I've been writing Perl for several years now and it is my preferred language for text processing (many of the genetics/genomics problems I work on are easily reduced to text processing problems). Perl as a language can be very forgiving, and it's possible to write very poor, but functional, code in Perl. Just the other day, my friend said he calls Perl a write-only language: write it once, understand it once, and never ever try to go back and fix it after it's finished.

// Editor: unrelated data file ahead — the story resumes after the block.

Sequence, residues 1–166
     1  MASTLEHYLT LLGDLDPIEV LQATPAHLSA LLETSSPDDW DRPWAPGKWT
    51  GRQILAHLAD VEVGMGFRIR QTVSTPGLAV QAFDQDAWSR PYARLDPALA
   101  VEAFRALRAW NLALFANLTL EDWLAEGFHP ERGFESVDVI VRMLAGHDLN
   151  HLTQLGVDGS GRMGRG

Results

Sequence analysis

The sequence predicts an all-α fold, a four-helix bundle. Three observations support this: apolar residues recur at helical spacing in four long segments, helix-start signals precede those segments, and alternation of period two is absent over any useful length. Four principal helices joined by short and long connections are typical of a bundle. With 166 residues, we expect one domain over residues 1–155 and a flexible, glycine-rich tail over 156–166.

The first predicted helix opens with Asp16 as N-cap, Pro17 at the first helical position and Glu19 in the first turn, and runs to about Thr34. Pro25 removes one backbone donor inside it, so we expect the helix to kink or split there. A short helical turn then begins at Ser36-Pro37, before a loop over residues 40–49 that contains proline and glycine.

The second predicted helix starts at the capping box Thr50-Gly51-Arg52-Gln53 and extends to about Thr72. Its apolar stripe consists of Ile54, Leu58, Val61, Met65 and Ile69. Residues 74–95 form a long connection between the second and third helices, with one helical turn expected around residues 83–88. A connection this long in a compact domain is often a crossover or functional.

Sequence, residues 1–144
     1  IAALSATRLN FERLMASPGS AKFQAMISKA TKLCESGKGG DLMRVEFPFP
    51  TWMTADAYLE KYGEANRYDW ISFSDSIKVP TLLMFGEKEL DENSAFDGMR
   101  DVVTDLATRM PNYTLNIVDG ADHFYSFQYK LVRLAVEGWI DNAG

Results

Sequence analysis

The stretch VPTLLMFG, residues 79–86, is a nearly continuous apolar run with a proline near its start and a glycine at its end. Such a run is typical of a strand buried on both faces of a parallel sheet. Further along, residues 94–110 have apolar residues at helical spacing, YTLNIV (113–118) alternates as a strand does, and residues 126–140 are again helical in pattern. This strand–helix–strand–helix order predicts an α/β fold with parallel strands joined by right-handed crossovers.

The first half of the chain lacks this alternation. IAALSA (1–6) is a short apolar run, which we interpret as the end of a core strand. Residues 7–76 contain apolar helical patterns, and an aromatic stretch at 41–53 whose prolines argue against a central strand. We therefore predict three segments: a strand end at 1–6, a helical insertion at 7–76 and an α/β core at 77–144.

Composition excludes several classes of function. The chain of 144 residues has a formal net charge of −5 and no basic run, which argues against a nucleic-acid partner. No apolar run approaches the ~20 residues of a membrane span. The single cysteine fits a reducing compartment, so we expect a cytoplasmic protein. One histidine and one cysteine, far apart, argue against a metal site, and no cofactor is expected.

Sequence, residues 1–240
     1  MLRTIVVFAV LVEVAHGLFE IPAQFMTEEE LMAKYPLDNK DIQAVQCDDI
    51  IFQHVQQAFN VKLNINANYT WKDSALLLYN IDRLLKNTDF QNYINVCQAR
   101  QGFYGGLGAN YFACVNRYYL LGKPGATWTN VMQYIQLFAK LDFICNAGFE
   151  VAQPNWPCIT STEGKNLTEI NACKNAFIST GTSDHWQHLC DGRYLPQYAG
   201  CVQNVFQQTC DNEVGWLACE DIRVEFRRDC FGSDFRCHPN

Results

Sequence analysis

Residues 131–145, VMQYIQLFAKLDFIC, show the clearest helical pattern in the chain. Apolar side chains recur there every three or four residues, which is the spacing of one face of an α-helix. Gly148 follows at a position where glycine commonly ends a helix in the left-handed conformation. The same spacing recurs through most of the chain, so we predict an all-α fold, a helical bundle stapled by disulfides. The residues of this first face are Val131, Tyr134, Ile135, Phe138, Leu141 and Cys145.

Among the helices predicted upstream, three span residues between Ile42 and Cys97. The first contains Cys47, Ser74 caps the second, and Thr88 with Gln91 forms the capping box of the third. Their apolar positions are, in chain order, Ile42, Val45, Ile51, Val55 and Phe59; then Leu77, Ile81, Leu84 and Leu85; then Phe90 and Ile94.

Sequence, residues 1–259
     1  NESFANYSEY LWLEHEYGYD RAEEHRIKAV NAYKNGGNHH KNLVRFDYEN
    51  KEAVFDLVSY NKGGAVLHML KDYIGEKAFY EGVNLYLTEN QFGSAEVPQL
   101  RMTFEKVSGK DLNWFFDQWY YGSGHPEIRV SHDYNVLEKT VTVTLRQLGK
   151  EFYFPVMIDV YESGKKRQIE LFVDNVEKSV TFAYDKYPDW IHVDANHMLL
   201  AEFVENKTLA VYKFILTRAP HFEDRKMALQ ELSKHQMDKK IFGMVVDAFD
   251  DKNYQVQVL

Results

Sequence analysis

While I have definitely been guilty of writing bad scripts at times, I feel like I have also written some very clear and maintainable code in Perl. However, if someone asked me what makes the code clear and maintainable, I wouldn't be able to give a confident answer.
What makes Perl code maintainable? Or maybe a better question is what makes Perl code hard to maintain? Let's assume I'm not the only one that will be maintaining the code, and that the other contributors, like me, are not professional Perl programmers but scientists with programming experience.